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Members discuss the Higgs discovery July 6, 2012

Posted by admin in : Cosmology, Gravitation, and Relativity (CGR), Nuclear and Particle Physics (NPP) , trackback Bookmark and Share

This is certainly an exciting development at CERN! My group and I are in the four lepton working group.  We apply a multivariate analysis to data and simulations to arrive at our results, which is in agreement and supports what was shown by Fabiola.

We see excesses in the gamma-gamma and four lepton channel, but not the bbar or WW channels at least in the 2011 dataset.  It may be just statistics, or the way the data is analyzed in the other channels, but the branching ratios for a Higgs boson are predicted with great confidence (only the mass is a free parameter in the SM).  The WW and bbar and tau channels have large bf, larger than gamma-gamma and 4 lepton.  The former channels have larger backgrounds and it is harder to tease out any excess.  So that may explain this question (in my mind at least it is a bit puzzling).  Also, the gamma-gamma channel can have heavy states contributing to the process that signals new physics beyond even the Higgs, if this result holds up.  And note that we don’t yet have enough data to determine the intrinsic spin or parity of whatever particle may be attributed to this excess.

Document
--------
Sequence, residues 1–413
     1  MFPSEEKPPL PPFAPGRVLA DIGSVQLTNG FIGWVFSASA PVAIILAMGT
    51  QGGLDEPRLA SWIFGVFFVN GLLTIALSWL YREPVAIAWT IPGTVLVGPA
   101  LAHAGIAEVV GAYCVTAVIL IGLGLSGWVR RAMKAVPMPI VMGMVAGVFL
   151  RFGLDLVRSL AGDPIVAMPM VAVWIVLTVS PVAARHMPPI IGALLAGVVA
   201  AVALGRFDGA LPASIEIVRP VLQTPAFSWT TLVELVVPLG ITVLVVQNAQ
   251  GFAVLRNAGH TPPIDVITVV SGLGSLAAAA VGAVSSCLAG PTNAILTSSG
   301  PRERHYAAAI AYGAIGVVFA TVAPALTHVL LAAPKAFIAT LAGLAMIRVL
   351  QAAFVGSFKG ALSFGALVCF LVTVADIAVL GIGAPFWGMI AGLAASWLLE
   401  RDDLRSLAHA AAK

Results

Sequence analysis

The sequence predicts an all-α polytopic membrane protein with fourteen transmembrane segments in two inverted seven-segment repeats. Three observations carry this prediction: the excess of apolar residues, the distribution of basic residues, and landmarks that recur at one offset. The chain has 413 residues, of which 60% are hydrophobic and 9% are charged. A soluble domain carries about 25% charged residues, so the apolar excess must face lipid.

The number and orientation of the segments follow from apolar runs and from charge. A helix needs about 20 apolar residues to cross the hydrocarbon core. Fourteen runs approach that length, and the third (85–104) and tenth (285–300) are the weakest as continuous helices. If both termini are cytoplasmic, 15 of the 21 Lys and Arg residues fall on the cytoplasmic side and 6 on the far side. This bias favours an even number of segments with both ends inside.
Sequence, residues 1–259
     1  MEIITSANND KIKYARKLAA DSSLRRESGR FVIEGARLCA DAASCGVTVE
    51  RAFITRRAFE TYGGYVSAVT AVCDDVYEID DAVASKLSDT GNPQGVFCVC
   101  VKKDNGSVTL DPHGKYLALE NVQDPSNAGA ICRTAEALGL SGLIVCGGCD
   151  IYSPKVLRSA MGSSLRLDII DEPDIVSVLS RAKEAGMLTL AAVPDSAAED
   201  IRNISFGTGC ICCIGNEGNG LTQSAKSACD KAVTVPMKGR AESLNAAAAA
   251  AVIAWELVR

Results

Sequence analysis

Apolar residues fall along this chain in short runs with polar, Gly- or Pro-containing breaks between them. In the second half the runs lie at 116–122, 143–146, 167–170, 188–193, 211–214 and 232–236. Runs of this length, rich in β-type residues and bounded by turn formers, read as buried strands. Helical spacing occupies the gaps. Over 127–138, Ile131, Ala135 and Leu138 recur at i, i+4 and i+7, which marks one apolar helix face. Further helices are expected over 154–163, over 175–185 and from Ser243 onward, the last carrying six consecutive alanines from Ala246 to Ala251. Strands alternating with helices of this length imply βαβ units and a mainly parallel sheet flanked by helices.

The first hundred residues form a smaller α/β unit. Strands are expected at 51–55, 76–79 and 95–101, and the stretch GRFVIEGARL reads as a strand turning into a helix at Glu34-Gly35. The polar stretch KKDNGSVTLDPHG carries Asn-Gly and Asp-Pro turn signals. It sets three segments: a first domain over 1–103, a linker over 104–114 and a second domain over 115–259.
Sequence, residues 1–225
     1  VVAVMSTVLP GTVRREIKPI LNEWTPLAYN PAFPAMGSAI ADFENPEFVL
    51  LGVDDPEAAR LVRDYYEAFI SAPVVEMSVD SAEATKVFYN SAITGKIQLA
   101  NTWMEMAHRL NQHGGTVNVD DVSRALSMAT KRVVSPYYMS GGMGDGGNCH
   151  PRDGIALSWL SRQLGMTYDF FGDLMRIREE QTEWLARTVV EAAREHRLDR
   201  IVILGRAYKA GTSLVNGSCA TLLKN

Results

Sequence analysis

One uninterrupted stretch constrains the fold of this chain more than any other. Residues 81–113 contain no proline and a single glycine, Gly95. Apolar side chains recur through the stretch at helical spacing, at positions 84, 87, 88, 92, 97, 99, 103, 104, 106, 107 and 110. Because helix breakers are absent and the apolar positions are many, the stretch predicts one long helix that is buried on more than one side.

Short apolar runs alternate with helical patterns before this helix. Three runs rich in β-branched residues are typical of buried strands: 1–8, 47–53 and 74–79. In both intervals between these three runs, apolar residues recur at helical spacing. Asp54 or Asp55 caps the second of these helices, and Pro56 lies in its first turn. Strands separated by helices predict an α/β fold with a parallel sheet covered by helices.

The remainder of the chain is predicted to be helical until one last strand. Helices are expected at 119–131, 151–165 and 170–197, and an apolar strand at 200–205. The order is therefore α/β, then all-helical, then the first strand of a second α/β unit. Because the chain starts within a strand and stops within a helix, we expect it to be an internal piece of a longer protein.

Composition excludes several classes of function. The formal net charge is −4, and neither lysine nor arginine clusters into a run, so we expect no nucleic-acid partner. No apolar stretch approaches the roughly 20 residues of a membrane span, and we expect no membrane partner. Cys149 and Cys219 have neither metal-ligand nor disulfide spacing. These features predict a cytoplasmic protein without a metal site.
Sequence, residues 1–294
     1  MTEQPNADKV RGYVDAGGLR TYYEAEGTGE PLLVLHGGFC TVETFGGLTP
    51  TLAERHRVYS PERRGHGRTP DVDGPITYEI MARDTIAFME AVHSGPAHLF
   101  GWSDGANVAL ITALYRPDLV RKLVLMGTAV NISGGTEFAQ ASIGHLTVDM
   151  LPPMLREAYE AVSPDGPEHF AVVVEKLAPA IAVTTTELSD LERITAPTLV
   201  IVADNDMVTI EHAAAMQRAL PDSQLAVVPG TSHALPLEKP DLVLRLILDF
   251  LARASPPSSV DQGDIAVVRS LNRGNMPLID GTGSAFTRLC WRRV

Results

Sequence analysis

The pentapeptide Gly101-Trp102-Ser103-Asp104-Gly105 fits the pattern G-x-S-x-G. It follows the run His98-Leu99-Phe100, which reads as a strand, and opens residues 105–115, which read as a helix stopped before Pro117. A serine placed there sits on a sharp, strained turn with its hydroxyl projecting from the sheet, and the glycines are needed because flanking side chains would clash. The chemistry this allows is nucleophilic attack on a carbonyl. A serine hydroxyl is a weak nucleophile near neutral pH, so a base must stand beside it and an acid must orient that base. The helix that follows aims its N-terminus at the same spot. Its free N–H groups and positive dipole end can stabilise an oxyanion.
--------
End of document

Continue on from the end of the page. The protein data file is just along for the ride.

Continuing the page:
What this all means is that, in my opinion, we will need to wait until more data is collected before a definitive statement can be made about a Higgs or not. Now the real work begins.  What is this new particle?  Is it the Standard Model Higgs boson?  Is it one of several new states? Is it a scalar or pseudoscalar?  Etc. Etc.  Very exciting times!

Professor O. Keith Baker, Yale University

SUSY among all the other ideas out there (extra-dimensions, branes, etc.) is the unique one that is brought to the fore by the light mass Higgs boson that seems just around the corner from having a final discovery announcement. None of the other candidates for what comes after the Higgs discovery have any such implications to my knowledge.

SUSY is also he only one that is brought to the fore if multiple Higgs bosons are ultimately found. SUSY actually requires multiple Higgs bosons and their superpartners.

The SUSY extension of the Standard Model that has been most extensively studied is called the `Minimal SUSY Standard Model’ or MSSM. As there are literally scores and scores of undetermined parameters, it is not definitive about the likely mass hierarchy of the Higgs family. There is also the NMSSM (the `next to mimimal supersymmetrical Standard Model) which has even more parameters and thus is even less definitive about the properties of any Higgs families. In fact, Superstring/M-Theory suggests that even the NMSSM is not the complete story.

There is a Minimal Supersymmetric Standard Model wiki page that has a pretty good discussion of its properties. There can be found here a discussion of the need for why at least a second Higgs boson must exist in the context of the MSSM. Also there is this lecture available on You Tube.

While the MSSM is not so predictive about the masses, it does make very definite predictions about the charges and coupling to the electroweak forces by members of the Higgs family.

Professor S. James Gates, University of Maryland-College Park